EMEDO believes that women’s rights are human rights, and women who stand up for equal access to resources and opportunities for development, and insist on equal participation in decision-making processes that affect their lives, are key to the well-being of society at large and of future generations. On this basis, EMEDO facilitates the organization of women’s groups, and training them on different regulatory frameworks to enable them to make informed decisions as they participate in development activities in their localities.



Fish and Human Nutrition

In recent years, with dramatic rises and increased volatility in food prices, there is a risk that the diets of the poor will become even less diverse and more dependent on starchy staples. There is, therefore, a renewed emphasis on the production, access, distribution and utilization of common, micronutrient-rich foods.

Fish, especially nutrient-rich small fish, from the wild and from aquaculture, can play a vital role in improving human nutrition, but this will require changes to government policies, investment in infrastructure and encouragement of research. Means must be found to reduce post-harvest losses in fisheries, better utilize processing waste and to make use of the large quantities of small pelagic fish that are available for direct human consumption.

International organizations such as the Food and Agriculture Organization of the United Nations (FAO), bilateral agencies such as the United States Agency for International Development (USAID), through Feed the Future and the Department for International Development (DFID), CGIAR (formerly the Consultative Group on International Agricultural Research) through the CGIAR Research Programs, governments, non-governmental organizations (NGOs) and the private sector have all initiated programmes and interventions that provide a platform for fish to contribute to human nutrition. These should be further strengthened and co-ordinated.

In recent years, capture-fishery production has been flat, at around 90 mn tonnes per year, while aquaculture has continued to show sustained growthcurrently around 6.5 per cent a yearfaster than all other food sectors. In 2011, it amounted to 62.7 mn tonnes. Some gains in capture fisheries might be possible by adopting better management through an ecosystem approach, but significant increases are unlikely.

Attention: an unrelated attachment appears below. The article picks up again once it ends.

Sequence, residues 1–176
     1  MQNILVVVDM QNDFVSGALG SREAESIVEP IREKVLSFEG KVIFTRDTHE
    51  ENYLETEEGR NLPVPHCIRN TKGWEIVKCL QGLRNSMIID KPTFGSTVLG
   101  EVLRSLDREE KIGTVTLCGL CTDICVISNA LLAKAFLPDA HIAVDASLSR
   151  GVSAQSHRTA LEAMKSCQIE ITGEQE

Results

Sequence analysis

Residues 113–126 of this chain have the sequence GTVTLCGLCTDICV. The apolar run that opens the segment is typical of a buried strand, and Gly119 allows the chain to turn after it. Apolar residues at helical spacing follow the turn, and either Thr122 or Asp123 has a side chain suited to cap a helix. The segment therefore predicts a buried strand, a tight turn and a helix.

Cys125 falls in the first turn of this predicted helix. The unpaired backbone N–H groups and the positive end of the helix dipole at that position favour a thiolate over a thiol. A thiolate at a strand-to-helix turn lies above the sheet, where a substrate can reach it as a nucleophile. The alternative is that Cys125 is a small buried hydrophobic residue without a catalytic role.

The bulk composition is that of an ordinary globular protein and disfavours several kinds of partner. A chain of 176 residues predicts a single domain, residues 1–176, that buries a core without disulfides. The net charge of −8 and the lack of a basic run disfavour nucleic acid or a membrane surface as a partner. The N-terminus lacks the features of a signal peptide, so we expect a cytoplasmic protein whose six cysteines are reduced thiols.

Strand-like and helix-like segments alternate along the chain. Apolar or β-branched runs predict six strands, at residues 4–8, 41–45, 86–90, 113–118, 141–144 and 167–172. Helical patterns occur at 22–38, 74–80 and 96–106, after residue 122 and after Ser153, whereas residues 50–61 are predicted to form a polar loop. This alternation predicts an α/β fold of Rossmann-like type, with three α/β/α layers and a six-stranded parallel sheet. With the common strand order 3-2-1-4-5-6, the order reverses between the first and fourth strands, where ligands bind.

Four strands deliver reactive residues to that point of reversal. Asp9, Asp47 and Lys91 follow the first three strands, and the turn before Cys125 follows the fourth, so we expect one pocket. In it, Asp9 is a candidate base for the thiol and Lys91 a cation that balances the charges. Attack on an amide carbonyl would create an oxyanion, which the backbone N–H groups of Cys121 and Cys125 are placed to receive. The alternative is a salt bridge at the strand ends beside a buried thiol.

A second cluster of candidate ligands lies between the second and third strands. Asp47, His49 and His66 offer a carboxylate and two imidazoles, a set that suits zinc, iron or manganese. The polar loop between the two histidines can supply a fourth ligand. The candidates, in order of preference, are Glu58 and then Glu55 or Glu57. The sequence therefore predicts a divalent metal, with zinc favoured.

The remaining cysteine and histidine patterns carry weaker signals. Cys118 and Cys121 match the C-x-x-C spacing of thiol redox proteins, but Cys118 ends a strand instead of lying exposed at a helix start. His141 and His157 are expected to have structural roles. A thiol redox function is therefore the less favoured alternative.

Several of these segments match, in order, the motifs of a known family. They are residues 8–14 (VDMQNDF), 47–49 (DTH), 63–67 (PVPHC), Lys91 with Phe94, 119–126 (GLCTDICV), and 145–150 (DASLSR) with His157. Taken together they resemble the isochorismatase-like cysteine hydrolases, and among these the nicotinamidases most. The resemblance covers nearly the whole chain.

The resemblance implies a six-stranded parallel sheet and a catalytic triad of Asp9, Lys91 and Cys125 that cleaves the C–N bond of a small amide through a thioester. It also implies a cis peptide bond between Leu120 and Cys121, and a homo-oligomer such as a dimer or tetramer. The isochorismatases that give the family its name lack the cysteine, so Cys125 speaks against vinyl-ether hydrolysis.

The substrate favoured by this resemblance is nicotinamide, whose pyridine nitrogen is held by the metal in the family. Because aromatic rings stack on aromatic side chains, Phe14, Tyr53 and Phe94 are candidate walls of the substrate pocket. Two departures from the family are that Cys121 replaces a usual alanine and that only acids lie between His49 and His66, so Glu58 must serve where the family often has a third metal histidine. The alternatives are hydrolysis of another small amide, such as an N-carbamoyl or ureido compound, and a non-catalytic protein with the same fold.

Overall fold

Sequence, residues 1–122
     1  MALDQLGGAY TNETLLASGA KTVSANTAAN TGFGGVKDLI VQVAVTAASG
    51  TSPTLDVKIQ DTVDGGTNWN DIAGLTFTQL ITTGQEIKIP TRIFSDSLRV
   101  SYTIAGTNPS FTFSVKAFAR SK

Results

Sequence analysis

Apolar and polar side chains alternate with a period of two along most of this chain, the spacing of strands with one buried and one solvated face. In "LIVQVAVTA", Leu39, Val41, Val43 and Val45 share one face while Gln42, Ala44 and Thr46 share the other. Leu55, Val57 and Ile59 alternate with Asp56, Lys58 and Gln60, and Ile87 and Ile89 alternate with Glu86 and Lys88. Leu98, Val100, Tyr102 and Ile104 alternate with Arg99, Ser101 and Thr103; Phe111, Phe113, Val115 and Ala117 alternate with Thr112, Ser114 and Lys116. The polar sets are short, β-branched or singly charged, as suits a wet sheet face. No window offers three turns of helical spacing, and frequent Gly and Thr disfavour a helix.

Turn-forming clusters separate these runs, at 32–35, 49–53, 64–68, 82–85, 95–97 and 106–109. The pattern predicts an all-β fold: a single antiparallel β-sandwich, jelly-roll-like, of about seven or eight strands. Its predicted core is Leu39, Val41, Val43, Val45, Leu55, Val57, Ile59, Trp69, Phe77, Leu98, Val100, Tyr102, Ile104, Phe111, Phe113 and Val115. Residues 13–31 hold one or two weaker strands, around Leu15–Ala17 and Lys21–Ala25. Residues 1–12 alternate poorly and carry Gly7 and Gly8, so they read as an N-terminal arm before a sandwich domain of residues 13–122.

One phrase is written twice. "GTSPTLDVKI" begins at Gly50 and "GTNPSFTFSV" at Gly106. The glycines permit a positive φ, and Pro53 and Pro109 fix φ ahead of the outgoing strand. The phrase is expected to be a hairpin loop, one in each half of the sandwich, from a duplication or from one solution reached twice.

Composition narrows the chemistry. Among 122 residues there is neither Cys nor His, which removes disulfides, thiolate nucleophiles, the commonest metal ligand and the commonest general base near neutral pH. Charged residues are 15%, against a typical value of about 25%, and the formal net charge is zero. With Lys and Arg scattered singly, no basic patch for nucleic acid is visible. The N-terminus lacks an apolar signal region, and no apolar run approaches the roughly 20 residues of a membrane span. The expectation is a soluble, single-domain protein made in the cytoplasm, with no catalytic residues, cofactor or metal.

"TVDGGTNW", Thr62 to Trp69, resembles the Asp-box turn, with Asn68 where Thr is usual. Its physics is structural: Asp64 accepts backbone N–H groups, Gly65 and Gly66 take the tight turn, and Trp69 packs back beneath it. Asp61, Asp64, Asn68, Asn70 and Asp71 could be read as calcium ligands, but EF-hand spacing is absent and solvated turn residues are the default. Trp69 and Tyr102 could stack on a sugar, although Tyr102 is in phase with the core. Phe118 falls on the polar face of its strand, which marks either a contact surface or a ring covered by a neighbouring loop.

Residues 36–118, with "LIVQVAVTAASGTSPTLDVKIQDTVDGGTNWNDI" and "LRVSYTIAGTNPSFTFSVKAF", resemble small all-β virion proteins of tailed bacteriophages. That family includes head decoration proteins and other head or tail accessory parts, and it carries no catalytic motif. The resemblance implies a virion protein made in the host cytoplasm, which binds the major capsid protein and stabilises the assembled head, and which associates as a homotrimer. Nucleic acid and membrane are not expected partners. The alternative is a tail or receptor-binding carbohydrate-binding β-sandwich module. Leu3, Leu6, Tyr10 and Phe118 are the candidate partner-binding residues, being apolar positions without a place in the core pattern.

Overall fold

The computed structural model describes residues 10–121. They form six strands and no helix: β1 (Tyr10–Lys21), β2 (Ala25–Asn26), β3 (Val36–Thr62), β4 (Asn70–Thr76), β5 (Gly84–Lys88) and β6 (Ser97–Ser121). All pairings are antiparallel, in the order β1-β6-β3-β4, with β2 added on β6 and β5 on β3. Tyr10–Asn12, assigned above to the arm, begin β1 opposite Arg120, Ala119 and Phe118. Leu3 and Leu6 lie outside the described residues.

However, it has been estimated that if all inputs were available, aquaculture could provide 16 – 47 mn additional tonnes of fish by 2030. It is interesting to note that in four out of the five top aquaculture producers, the output from aquaculture exceeds that from capture fisheries. Only in Indonesia, a vast archipelago, is capture more than aquaculture.

A total of 156 mn tonnes of fish was produced from all sources in 2011, of which 132 mn tonnes were available for direct human consumption. Fish is the most important animal-source food in the diets of more than one billion people. If equally distributed over the world’s population, the annual per capita availability would be 18.9 kg (a strong increase from the 9.9 kg available in the 1960s).

However, 2009 data shows consumption varies widely between regions: from 9.9 kg per capita in Latin America/Caribbean to 25.1 kg in Oceania. In more detail, the strongest difference is between industrialized countries, 27.4 kg, and low-income food-deficient developing countries (LIFDCs), 10.3 kg, although this latter figure has more than doubled since 1961.

Also, within countries there is considerable variation, in most cases with the rich consuming significantly more. Whether a community eats fish is strongly ingrained in its traditional food habits. It is difficult to make fish consumers out of those with no diet-linked cultural association.

The pursuit of fisheries for food has obvious nutritional benefits but also, with at least 45 mn people employed worldwide, the majority of them in developing countries (including a large number of women employed mostly in processing activities), the income from fisheries contributes significantly to sustainable rural livelihoods and, through them, to improved nutrition.

Fishery resources are an important source of both macro- and micro-nutrients for humans. Globally, fish accounts for about 17 per cent of animal protein intake.

This share, however, exceeds 50 per cent in many countries. Despite the low overall African per capita consumption noted above, in West African coastal countries, the proportion of dietary protein that comes from fish is very high: 72 per cent in Sierra Leone, 55 per cent in Ghana and Gambia, and 43 per cent in Senegal.

Also, in Asia and some small island states the contribution is high: 70 per cent in the Maldives, 60 per cent in Cambodia, 57 per cent in Bangladesh, 54 per cent in Indonesia and 55 per cent in Sri Lanka. Official data on fish consumption in developing countries may also be underestimated as these data fail to capture fish bought in small rural markets, as well as fish caught for consumption by household members or produced in home farms.

In addition, fish consumption is affected by location, seasonality, time and household socioeconomic status.

Source: Maximizing the contribution of fish to human nutrition by Shakuntala Haraksingh Thilsted, David James, Jogeir Toppe, Rohana Subasinghe and Iddya Karunasagar

TABLE : Total and per capita fish supply by region (2011)

REGION Total food fish supply (mn tonnes) Per capita food fish supply (kg/year)






World, excluding China






North America



Latin America/Caribbean









Industrialized countries*



Low-income food-deficient countries*



*Data for 2009



Fisheries managers do not know and probably never will know enough about fish and their ecosystems to construct enough facts to support agreement and co-operation.




ICSF’s Documentation Centre ( has a range of information resources that are regularly updated. A selection: